Note – The following is a column by my dad, Dave Owen, published in The Parkersburg Sentinel in May, 1989.
He’s looking out the window when I come home every day. He jumps with joy when I open the door. He always asks, “How was your day?” He is my dog, Spencer.One of my friends once said, “A man can have seven dogs in his lifetime.” Each of Jake’s dogs was a black Labrador, and he named them all Moxie. When Moxie III died, Jake went out to the car and drove around and around, crying like a baby. The next day he bought Moxie IV. By now he’s probably hiking with Moxie VI.
My first dog was Joe Joe, a terrier. My folks got him for me, and he was named for Joe E. Louis. We lived on a busy street and he got hit by a car. He hobbled on three legs for several years.
My next dog was Butcher Boy, a Springer Spaniel. We were living in the country that summer, and Butcher Boy and I played and hiked. When we moved back to town, Butcher Boy could not adapt to city life. We found a farmer who wanted a dog. I was sad, but happy for my dog.
Duchess was my companion through adolescence, college, the service and my first job. My mother traded Dad’s shotgun for Duchess, a registered Cocker Spaniel. Dad came home, his gun was gone and we had a dog. At first he reluctantly tolerated Duchess. Later he bathed her, brushed her and cut the mats from her ears.
Duchess ran alongside my bike, rode in the basket when she was tire, swam in the river and hiked in the park. When I came home from college and the Navy, Duchess would jump up and lick my face. She always slept at the foot of my bed. My mother said do hair made a room looked lived in.
When she was 14, Duchess was hit by a car. She was blind and deaf, and we figured she was returning home from rummaging through the neighbor’s garbage. That summer, I met Frieda. She says I never did propose to her. Instead, I asked, “Do you like dogs?”
Squeal, our first dog, was a Beagle and a roamer. Once he dug under the pen I built in the backyard and was picked up on the other side of town where he left his paw prints in the fresh concrete of someone’s driveway. Another time, we invited neighbors to a backyard party. One of the guests saw Squeal and screamed, “That’s the dog that ate our steaks.” Overweight and arthritic, Squeal died when he was eight.
A month later we got Ruff and Reddy, Cocker Spaniels, from the same litter. Training twin dogs means tow of everything – collars, leashes, dog dishes and puddles. They quickly discovered we didn’t know which one made the mistake. Ruff was Mary’s dog and Reddy was Ky’s dog. They promised to take care of them, but I was the one who brushed them and cut the mats from their ears.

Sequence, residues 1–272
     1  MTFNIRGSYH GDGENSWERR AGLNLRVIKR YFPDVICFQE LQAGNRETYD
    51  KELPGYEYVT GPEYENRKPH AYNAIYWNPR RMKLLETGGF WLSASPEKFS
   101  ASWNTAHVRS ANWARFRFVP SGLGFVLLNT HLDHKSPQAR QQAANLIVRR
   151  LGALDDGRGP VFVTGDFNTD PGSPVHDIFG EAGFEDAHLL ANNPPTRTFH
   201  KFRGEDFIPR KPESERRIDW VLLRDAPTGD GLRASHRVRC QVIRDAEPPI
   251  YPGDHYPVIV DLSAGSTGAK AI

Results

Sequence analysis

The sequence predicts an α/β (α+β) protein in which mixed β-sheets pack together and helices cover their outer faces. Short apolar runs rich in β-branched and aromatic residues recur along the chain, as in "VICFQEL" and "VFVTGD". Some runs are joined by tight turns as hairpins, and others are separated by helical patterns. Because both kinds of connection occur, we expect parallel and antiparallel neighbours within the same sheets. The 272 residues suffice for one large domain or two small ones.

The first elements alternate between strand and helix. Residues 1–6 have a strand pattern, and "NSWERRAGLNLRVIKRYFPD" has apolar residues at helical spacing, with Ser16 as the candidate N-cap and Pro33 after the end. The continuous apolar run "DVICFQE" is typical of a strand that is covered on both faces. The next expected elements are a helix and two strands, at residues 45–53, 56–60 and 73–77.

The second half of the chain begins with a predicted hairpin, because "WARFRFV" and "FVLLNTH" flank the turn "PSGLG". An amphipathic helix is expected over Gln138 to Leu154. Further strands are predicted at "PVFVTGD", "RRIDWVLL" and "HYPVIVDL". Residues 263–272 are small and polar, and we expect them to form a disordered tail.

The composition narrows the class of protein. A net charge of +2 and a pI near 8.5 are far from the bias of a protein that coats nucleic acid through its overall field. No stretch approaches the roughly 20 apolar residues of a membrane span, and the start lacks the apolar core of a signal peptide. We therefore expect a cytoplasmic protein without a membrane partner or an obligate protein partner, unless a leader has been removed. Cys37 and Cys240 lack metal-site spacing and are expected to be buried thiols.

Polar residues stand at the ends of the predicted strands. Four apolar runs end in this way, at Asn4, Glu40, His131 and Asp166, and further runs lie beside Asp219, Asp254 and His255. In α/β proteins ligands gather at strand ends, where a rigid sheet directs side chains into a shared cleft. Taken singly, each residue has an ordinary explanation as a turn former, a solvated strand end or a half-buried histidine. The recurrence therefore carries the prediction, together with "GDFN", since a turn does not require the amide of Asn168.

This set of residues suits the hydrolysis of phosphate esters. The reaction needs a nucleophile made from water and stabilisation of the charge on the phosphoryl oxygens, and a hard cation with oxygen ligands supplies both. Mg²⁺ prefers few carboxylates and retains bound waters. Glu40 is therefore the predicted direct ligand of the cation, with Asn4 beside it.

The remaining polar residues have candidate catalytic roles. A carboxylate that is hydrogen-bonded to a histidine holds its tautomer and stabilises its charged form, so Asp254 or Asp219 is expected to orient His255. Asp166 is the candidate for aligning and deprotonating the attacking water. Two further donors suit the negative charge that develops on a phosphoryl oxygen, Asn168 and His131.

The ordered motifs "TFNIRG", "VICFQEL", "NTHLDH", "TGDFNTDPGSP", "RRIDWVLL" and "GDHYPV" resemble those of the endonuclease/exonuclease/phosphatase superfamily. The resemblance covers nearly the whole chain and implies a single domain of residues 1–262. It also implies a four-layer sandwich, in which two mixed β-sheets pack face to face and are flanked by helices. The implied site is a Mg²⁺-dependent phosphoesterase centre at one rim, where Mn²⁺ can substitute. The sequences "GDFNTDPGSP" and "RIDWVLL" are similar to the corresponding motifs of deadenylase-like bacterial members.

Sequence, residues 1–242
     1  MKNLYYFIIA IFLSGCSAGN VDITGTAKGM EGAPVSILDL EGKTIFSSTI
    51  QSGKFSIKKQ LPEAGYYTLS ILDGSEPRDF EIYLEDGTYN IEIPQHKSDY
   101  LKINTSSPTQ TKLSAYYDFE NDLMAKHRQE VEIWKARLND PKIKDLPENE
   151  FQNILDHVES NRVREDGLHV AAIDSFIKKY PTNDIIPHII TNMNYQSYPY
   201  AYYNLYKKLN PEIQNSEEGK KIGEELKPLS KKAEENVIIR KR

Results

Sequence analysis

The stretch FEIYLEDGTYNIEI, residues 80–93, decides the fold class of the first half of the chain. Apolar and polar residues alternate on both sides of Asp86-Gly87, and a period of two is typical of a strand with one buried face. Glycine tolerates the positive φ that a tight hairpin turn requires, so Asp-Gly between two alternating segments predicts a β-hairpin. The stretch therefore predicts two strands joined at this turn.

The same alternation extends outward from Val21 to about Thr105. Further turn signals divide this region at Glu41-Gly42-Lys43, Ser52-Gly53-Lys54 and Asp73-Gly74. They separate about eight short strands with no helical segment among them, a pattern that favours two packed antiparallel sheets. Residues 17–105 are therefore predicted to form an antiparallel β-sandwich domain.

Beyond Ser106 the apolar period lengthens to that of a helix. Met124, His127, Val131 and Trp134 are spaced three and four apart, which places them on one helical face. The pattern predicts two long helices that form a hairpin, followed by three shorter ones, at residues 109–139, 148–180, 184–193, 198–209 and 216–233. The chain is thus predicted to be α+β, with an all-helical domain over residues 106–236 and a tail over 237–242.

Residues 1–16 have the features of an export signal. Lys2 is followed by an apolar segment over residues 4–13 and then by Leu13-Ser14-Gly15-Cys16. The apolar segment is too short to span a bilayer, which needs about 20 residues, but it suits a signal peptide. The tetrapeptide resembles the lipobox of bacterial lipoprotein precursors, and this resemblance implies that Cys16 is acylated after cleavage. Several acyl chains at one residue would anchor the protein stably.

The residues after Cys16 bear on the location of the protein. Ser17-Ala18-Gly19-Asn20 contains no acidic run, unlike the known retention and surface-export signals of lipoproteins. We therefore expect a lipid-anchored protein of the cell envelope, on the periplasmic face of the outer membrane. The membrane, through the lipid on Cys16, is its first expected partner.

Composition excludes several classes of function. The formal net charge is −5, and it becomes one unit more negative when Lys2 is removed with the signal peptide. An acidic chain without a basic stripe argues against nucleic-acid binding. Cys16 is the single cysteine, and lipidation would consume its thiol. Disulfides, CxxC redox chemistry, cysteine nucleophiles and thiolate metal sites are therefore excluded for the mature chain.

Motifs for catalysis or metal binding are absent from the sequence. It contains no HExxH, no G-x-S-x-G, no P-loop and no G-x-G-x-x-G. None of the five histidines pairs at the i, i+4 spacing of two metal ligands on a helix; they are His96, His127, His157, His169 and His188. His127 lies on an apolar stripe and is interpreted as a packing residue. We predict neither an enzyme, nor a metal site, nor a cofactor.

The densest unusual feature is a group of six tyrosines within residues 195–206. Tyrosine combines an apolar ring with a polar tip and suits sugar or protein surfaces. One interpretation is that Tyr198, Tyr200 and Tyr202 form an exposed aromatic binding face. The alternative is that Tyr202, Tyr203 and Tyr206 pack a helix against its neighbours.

One summer Ruff had surgery and to keep him from chewing the incision, Frieda made a cardboard collar. Reddy saw Ruff’s new collar and staged a canine tantrum until Frieda made a collar for him. Reddy died when he was 15. Ky was at Michigan State, and Frieda had to tell him. I couldn’t handle it. Two years later, we had to put Ruff down. Like my friend Jake, I cried all the way home.
We decided to wait until summer to get another dog. Two weeks later, we were looking at a litter of pups. As Frieda picked up on of the puppies, a bundle of black and white fur climbed out of the box and ran top me. As we stood, each petting a loving puppy, Frieda said, “You pick. Only one!”
We named him Spencer, my dad’s middle name. My sister said, “Dad always hoped we’d give the name to a grandson, but he never dreamed it would be a dog.”
When Ky came home for Christmas, we took Spencer to the airport. “When did you get him?” he asked, taking the puppy in his arms, tears of joy streaming down his face.
Ky taught Spencer two things he does well, to sit and to beg for treats. At breakfast Spencer waits for the last of my cereal. When I leave for work. I give him three Milk-Bones. When Frieda leaves for work, she gives him three Milk-Bones.
Spencer is also Frieda’s dog. She walks him every morning. She lets him sleep on the sofa and the bed. She says dog hair makes a room look lived in.
Dog hair. What would a home be without it? They’ve all left their traces. Seven dogs – Joe Joe, Butcher Boy, Duchess, Squeal, Ruff and Reddy, and now, Spencer
Spencer died in 1998. In his column, “Saying Goodbye to Spencer,” Dave wrote, “If there’s a dog heaven, and I believe there is, Spencer is sounding a celestial ‘all dog alert.’”